I am someone that understands more than most that the food I am eating, came from something that lived and breathed. Part of the issue with meat consumption today is that there is a massive disconnect between the consumer and producer. People don’t want to know that the food they are eating came from a living thing.
This can lead to bad farming practices because there isn’t enough interest from the consumer.
In the U.K we are fortunate to have some of the strictest farming standards in the world, but even here some of the quality assurance certifications are incredibly loose. Did you know that for a chicken to be certified “Free Range” you can have up to 10,000 chickens in one space, and just because they have access to an outside area it does not mean that they go outside.
When I moved to London I wasn’t able to make the trip to local farms, so naturally my meat consumption decreased. Quite soon after I wrote the How Often Should We Be Eating Meat? article, I was introduced to Field & Flower.
Field & Flower specialise in delivering the finest cuts of grass fed, free range meat directly from British farms to your door.
I was very excited to try the service and a little apprehensive (what seems too good to be true, often is!). I didn’t think that the meat would be as good as the meat I had grown up eating, but I was pretty sure it was going to be better than anything you can get from the supermarket.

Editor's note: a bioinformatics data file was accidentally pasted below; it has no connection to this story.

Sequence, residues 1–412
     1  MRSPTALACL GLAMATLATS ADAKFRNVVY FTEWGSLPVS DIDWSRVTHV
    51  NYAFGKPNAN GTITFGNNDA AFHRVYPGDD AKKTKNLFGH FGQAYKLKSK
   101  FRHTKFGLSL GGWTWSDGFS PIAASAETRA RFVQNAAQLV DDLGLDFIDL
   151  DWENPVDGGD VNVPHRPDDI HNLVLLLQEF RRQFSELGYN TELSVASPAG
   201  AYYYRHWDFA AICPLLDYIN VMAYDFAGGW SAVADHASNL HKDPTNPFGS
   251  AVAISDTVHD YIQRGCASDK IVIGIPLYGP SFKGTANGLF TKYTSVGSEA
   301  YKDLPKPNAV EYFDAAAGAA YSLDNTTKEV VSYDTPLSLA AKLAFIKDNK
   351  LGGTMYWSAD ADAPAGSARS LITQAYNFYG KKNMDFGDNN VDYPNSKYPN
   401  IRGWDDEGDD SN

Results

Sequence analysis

I was pleasantly surprised, the quality, freshness and taste of the meat is incredible! Plus it’s so convenient, I get a delivery twice per month with my favourite cuts.
Use the Code “MAX15′ for £15 off your first box.
I really care about supporting producers that do things properly, so I went down to the Field and Flower farm down in Somerset.
I had a great discussion with James Flower who is the co-founder of Field and Flower and he is of course, a farmer himself.
When you shop at supermarkets you aren’t able to ask the farmer any questions or see the food you are eating, so I made a video so you guys can see for yourself exactly what happens at a Field & Flower farm.
Part 2 of the video will be released next week.
You Have a Responsibility
Hopefully you have learned something about how farming should be done. This is something I care about deeply, and I believe that everyone that eats meat should care just as much.
If you eat meat you have a responsibility to care about where the meat comes from and if the animals have suffered their entire lives. You can have a positive impact on the well fair of animals just by ensuring that the meat you buy is coming from sources that truly value and care for their animals!